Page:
Serena Williams takes the next step in her development and announces that she will soon be focusing on her family from tennis.
“I’m here to tell you I’m evolving away from tennis and into other things that are important to me,” she wrote in an article for Fashion. “But I was reluctant to admit to myself or anyone else that I needed to get away from playing tennis.”
Reflecting on her tennis career and upbringing, the 40-year-old athlete credited her parents and sister Venus Williams with shaping her into the player she has become. “If I hadn’t stood in the shadow of Venus, I would never have become who I am. When someone said I was just the little sister, I was really stoked,” Williams wrote. “For me, that’s the essence of Serena: expecting the best in myself and proving people wrong. There were so many games I won because something made me angry or someone counted me out. That drove me. I’ve built a career channeling anger and negativity and turning it into something good.”
Still, the perfection she strived for in her career took its toll on her personal life. She even shared that as a younger athlete, she “never thought about having kids” and wasn’t sure if it would fit into her lifestyle.
“I’ve never been this confident or comfortable around babies or children and I figured if I ever had a baby I would have people around the clock to take care of it,” she wrote. “I’m not going to lie – I definitely have a lot of support. But I’m also an incredibly practical mom. My husband will tell you I’m too active. In five years Olympia has only spent one 24 hours away from me.”
She continued, “The fact is, for me, nothing is a sacrifice when it comes to the Olympics. It just all makes sense.”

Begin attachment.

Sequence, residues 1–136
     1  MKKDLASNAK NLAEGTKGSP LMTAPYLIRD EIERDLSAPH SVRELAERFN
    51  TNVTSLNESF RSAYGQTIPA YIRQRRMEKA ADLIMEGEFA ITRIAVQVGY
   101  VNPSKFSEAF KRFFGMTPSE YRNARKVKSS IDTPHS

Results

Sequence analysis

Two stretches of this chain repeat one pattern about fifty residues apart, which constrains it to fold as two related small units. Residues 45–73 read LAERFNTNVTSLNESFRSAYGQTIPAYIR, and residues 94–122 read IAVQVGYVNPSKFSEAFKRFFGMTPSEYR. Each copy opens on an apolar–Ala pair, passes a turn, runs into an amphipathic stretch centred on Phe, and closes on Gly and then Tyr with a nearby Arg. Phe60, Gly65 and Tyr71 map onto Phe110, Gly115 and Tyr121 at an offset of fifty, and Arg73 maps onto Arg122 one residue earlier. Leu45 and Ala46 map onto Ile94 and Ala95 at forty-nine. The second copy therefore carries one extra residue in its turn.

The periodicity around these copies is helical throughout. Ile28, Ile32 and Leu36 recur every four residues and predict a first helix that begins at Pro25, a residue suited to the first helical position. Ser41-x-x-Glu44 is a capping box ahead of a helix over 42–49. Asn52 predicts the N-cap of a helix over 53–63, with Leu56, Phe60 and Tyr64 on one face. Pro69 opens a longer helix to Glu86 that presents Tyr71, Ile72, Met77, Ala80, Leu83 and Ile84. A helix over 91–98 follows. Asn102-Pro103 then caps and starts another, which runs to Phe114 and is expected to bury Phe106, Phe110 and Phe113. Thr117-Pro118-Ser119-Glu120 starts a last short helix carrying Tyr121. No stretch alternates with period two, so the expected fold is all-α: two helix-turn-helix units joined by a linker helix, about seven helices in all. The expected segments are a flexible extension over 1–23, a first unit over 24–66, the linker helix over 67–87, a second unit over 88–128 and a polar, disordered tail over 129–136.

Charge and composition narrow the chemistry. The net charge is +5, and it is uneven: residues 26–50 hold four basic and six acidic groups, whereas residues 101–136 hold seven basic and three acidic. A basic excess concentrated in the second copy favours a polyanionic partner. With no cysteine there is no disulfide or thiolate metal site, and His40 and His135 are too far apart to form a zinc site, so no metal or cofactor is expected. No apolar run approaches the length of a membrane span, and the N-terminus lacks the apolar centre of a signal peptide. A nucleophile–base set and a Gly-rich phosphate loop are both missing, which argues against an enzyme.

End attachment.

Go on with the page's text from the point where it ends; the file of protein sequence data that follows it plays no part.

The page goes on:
Serena has been open about the difficulties she faced giving birth to her daughter, whom she shares with husband Alexis Ohanian, in 2017. A five-part HBO documentary entitled be Serena even shared her difficult transition to return to tennis after that experience. Ultimately, she realized that “Tennis in comparison [to taking care of her family]She always felt like a victim.”
“The way I look at it, I should have had 30+ Grand Slams. I had my chances after coming back from childbirth. I went from having a cesarean to a second pulmonary embolism to a Grand Slam final. I played while breastfeeding. I went through postpartum depression. But I didn’t get there,” she wrote Fashion. “Should, would, could. I didn’t show up like I should have or could have. But I’ve showed up 23 times and that’s fine. Actually, it’s extraordinary. But these days, when I have to choose, building my tennis resume and building my family, I choose the latter.”
She also revealed that she and her husband recently “were trying to have another child” and received hopeful news from their doctor that they are ready to add to their family. “As an athlete, I definitely don’t want to get pregnant again,” she said. “I have to be two feet into tennis or two feet out.”
Her daughter Olympia also wants to “be a big sister”.
Williams didn’t fail to point out that the difficult decision was one she was uniquely faced with as a female athlete.
“Believe me, I never wanted to have to choose between tennis and a family. I don’t think it’s fair. If I were a man I wouldn’t be writing this because I would be out there playing and winning while my wife was doing the physical work to expand our family. Maybe I’d be more of a Tom Brady if I had the chance,” she wrote. “Don’t get me wrong, I love being a woman and I loved every second of being pregnant with Olympia. I was one of those annoying women who loved being pregnant and worked up until the day I had to report to the hospital – although things got super complicated on the other side and I almost did the impossible: lots of people don’t know I was two months pregnant when I won the Australian Open in 2017. But I’m turning 41 [in September]and something must give.”
While Williams shared that she’s reluctant to think about her legacy, she hopes to have made a difference for future female athletes.
“I would like to believe that the opportunities I have given women athletes will feel like they can be themselves on the pitch. They can play with aggression and pump their fists. You can be strong and yet beautiful. They can wear what they want and say what they want and kick ass and be proud of everything,” she wrote. “I want it to be like this: Serena is this and she is that and she was an amazing one tennis player and she won these slams.”
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